We started a tray of Paulonia tomentosa last month and many have germinated. Known as the foxglove tree, it is one of the fastest growing trees around. An acre can absorb 103 metric tons of carbon dioxide a year. It can be highly invasive in some countries but I plan to pollard it cutting it back each year as it grows large leaves, up to 40cm long, this way. This means it doesn’t get a chance to flower and spread. On the positive side though it can absorb mass carbon, prevents soil erosion and produces hard wood quickly leading to it getting recommended for many tree planting schemes and reforestation projects. But one I would recommend researching before trying to grow.

A little more information on easy trees to grow from seed here.

Pine cone

I have low expectations of this method but it looks ornamental enough even if it fails. Pine cones contain the seed of the tree. The seed is usually small and falls out when the pine cone opens. If you keep a pine cone moist the seeds can grow up from the pine cone or around the base if placed on a layer of compost. The cones needs to be found while closed before they open and drop their seeds. I have set mine up pushed gently into a pot of compost. I will then spray this to try to keep it moist but not so wet it rots. Around the base I’ve placed a bit of moss scraped from the fence. I may set up a few more around the garden in different locations if we find some more cones. This beast of a cone was found on a walk through the park in the rain yesterday. We’d gone out for some puddle jumping and leaf kicking to make the most of autumn. I may see about going back to see if we can find some more.

The Promise project is looking to connect with local planting and growing groups. So if you are involved with community projects that are planning to plant more trees it is worth checking their site out. You can make a handshake agreement to promise to plant more trees.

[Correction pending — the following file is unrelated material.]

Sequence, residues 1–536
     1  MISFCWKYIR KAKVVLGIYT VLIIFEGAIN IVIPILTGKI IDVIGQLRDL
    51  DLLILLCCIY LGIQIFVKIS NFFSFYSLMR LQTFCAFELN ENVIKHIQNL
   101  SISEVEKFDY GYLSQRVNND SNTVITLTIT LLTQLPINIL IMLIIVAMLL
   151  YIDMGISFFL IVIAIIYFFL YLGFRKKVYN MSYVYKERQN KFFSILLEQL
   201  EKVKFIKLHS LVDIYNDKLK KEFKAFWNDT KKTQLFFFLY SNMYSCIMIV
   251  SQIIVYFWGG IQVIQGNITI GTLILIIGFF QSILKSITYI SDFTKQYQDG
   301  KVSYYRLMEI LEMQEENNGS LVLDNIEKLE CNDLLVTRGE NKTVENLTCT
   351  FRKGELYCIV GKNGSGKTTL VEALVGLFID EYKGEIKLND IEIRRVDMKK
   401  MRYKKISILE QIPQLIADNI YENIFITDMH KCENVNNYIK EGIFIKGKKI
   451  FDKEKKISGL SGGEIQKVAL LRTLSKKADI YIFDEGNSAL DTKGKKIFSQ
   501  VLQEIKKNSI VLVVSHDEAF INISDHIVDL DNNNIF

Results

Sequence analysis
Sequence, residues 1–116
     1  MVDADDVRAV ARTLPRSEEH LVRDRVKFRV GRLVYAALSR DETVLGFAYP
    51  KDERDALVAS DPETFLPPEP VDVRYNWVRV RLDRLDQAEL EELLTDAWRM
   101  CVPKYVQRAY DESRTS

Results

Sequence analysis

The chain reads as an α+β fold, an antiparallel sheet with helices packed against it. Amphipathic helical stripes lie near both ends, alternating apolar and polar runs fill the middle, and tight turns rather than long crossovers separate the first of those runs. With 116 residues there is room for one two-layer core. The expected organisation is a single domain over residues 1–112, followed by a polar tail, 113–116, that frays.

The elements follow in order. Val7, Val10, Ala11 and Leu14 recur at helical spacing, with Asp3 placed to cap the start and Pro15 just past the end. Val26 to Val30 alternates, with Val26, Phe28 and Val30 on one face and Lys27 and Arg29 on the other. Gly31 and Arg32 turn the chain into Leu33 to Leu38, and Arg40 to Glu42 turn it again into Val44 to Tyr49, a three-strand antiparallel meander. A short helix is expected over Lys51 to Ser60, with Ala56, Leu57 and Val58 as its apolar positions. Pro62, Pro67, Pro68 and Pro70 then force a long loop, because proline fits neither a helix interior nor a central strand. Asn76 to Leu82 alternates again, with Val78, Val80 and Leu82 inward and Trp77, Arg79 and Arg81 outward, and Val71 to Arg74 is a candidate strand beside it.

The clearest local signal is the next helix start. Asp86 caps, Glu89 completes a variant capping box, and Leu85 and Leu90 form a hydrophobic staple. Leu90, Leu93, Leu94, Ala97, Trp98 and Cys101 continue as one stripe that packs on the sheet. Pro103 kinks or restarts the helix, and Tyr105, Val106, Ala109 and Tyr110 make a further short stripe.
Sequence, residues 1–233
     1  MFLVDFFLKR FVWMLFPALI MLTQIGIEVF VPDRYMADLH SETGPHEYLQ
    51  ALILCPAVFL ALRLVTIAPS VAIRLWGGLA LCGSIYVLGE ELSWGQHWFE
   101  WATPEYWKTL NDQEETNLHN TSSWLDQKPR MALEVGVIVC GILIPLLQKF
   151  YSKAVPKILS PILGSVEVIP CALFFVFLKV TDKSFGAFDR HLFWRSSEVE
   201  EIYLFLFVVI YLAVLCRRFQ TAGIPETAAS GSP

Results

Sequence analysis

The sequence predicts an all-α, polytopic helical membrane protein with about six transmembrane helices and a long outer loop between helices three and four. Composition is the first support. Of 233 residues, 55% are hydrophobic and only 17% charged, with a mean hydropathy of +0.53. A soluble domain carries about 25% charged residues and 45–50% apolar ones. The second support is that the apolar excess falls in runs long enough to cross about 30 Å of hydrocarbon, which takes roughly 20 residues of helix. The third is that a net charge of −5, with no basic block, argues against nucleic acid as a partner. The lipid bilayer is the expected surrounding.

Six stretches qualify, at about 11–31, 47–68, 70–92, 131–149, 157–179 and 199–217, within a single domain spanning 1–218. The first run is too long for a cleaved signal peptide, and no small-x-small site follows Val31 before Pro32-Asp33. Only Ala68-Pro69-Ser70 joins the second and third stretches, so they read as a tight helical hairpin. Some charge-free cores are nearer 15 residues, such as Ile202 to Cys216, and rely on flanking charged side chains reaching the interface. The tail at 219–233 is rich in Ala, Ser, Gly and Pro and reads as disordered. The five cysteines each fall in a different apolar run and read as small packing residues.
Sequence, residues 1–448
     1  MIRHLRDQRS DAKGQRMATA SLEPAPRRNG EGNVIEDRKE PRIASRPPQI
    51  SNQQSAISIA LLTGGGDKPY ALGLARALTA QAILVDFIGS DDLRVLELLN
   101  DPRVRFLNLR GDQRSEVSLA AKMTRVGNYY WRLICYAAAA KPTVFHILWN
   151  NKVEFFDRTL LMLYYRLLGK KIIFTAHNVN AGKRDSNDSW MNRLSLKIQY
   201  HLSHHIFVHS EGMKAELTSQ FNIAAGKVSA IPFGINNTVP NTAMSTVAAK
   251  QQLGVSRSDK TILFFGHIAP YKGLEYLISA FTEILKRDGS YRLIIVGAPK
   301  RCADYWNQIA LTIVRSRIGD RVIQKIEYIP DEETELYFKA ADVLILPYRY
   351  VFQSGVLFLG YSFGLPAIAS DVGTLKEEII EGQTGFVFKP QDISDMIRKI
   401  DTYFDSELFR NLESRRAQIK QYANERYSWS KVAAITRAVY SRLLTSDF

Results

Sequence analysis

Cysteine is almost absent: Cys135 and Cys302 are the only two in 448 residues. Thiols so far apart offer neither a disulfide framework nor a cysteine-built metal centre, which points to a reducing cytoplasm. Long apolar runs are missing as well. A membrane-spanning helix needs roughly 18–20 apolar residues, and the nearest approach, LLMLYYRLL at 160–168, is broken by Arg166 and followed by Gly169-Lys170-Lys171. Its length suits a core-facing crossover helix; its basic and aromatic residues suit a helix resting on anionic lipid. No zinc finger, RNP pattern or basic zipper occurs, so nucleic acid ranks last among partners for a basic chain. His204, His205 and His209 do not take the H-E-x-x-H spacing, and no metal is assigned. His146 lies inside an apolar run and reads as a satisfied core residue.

https://www.thepromise.earth/localpartner

The resources on the screening page look useful with templates for looking at parts of an acorn, the lifecycle of the oak, Japanese leaf pressing, and ideas for acrostic poems based on The Lost Words poems.

I hope you all check it out. It’s a great project and it will hopefully inspire some tree planting projects. Below is one last link to the video.

https://www.bbc.co.uk/ideas/videos/the-girl-who-changed-the-world-with-an-acorn/p08v4r0t

We will see next year which of our tree planting efforts succeed. I don’t need all of these for my garden so I will look at using some for work or donating to community projects locally. There have already been many tree planting schemes locally but some of the trees have died over summer as they didn’t plan for aftercare and watering while they establish. So, if we manage to get any of these to a decent point we can maybe help replace some of those. Fingers crossed.

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Saving pollinators

This week a new label for plant sales has been launched by the National Botanic Garden of Wales to help protect pollinators from plants containing insecticides. The story has been picked up on nationally though I think the significance of the story may be lost on some.

Currently, many plants are sold as being beneficial for pollinators. If you go shopping at a garden centre or nursery you may see labels with the RHS Plants for pollinators badge on. This is a very useful resource listing plants the RHS have deemed to be useful for pollinators. The lists are very useful. They list plants by season that are beneficial. This allows you to plan your garden to have plants in flower through the year to help the pollinators in your garden. Which is all great!